# Probability of choosing different colors when there are more colors than balls per color

There are balls of 20 colors in an urn. Each color has 5 balls so 100 balls total. You draw 10 balls without replacement from the urn. What's the probability that the 10 balls all have different colors?

I think the answer is something like $$\frac{100\times (100-5)\times(100-2\times5)...\times (100-9\times5)}{100\choose 10}$$, but I'm missing some multiplication factor.

Any tips appreciated. Thanks!

• Hint: You can factor $\Pr[\textrm{all balls unique}] = \Pr[\textrm{first ball unique}] \Pr[\textrm{second ball unique} \mid \textrm{first ball unique}] \dots$ – jII Jul 9 at 21:43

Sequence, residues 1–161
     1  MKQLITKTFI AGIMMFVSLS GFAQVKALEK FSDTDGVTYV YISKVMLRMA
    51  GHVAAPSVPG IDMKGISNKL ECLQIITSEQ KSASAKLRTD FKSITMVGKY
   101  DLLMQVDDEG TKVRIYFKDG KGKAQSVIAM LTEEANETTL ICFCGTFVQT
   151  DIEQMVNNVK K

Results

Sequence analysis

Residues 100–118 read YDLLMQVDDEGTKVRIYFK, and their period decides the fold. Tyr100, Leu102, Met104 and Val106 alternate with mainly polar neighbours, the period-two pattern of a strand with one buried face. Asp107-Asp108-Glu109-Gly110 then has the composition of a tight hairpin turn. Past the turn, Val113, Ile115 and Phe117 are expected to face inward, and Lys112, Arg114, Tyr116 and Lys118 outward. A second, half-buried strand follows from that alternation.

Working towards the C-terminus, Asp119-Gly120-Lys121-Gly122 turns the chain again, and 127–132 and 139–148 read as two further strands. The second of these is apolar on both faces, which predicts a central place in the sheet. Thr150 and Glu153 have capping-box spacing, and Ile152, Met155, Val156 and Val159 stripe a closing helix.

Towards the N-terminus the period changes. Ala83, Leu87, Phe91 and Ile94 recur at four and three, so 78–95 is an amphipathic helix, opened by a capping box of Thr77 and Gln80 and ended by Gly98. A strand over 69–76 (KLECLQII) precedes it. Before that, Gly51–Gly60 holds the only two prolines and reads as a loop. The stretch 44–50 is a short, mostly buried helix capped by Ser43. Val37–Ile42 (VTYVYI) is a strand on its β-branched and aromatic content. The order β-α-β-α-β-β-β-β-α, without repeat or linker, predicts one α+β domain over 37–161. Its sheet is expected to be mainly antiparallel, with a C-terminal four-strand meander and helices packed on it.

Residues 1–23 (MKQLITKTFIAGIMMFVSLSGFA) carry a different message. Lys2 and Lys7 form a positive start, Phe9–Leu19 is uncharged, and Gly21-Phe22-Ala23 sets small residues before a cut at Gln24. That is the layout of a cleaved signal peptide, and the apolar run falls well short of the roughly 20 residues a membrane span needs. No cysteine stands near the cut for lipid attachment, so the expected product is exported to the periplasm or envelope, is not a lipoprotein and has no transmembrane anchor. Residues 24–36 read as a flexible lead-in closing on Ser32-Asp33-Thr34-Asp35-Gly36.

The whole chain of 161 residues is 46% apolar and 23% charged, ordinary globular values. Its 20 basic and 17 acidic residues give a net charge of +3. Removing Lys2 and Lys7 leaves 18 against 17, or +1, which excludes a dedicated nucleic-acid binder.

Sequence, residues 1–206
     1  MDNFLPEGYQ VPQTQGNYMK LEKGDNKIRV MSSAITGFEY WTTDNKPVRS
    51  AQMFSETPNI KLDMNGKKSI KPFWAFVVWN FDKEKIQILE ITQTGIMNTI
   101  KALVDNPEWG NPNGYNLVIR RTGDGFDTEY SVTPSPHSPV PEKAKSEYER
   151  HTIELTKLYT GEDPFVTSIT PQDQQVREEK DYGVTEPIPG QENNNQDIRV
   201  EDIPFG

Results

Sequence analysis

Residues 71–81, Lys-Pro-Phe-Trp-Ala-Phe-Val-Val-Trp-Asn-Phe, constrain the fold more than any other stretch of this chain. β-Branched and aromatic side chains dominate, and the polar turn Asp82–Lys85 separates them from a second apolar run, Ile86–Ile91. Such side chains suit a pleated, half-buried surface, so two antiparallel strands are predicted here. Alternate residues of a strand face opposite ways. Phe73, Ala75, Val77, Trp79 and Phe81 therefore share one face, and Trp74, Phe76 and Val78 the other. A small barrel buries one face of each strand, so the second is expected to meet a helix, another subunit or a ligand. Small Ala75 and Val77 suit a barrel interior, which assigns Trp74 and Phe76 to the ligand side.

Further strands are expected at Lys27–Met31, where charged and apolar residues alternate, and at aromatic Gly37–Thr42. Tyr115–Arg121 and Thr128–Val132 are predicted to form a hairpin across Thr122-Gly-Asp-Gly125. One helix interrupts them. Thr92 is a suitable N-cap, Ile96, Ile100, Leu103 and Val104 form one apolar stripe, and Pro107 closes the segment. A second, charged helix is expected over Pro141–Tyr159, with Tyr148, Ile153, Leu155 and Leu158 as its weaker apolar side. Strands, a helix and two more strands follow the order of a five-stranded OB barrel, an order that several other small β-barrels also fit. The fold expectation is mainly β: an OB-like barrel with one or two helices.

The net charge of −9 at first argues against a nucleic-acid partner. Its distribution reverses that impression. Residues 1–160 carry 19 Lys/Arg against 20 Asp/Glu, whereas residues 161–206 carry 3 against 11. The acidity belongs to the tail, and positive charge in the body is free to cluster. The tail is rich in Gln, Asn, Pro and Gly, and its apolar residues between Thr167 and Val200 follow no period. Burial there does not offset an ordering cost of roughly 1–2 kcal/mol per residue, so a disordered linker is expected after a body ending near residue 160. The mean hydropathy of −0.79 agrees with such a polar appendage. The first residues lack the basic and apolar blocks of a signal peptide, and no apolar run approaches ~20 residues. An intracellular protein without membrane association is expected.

First I'll count the right selections with ordering:

• The first has 100 options. (all are OK)
• The second has 95 options (1 gone, and 4 forbidden of the colour of the first)
• The third has 90 options (1 extra gone, 4 extra forbidden ones), and this pattern continues. (so $$100-5(n-1)$$ options for ball $$n$$)

So in order we have $$100 \times 95 \times 90 \times \ldots \times 55 = 5^{10}(20 \times 19 \times 18 \times \ldots \times 11)=\frac{5^{10} 20!}{10!}$$ ordered options and we divide that number by $$10!$$ because we have that many ways to get the same end result given 10 different balls.

To get a probability, divide by $$\binom{100}{10}$$.

So $$p=\frac{5^{10}\binom{20}{10}}{\binom{100}{10}}$$

which is approximately $$0.10423$$.

BTW, your own first formula was correct it seems, except that the numerator is $$10!$$ too large: upper side is ordered options and below is unordered.